Weak sun activity means a longer journey for a Chinese space station
A Long March 2F rocket carrying Tiangong-1 lifts off from the Jiuquan Satellite Launch Center. Photo: Lintao Zhang / Getty Images
Chinese space station Tiangong-1, will fall to Earth on April 1, later than expected, because of the weaker sun activity, Space.com reports.
What happened: Per Space.com, the sun's activity results in "charged particles" that hit Earth's atmosphere. The particles can increase gas density in space, which impacts the drag on the space station. Because the sun's activity has been weak, there have been fewer particles, and therefore weaker drag, which will make Tiangong-1 "descend more slowly than expected."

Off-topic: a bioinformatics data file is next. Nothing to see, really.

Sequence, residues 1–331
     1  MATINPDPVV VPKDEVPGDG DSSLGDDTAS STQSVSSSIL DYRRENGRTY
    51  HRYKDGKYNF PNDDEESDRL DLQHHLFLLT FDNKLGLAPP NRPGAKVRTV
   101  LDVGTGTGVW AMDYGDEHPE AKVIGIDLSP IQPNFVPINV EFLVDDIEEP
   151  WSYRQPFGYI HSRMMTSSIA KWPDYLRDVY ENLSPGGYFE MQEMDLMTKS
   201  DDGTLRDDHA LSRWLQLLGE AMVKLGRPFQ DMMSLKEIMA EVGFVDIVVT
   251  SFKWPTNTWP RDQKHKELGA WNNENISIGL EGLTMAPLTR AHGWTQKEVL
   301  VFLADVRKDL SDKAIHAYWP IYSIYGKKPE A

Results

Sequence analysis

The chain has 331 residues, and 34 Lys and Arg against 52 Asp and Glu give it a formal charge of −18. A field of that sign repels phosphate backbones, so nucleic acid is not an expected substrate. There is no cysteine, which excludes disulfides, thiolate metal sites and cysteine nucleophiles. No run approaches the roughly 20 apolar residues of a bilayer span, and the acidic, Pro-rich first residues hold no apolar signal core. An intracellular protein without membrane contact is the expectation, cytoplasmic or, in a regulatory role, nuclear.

- Jonathan McDowell, astrophysicist at Harvard University, told Live Science (sister site of Space.com) that "[f]ireballs are almost certain" as the space station falls, though he predicts "only 220 to 440 lbs...of debris" will hit Earth.
- Per Space.com, Tiangong-1 "was the first Chinese space station."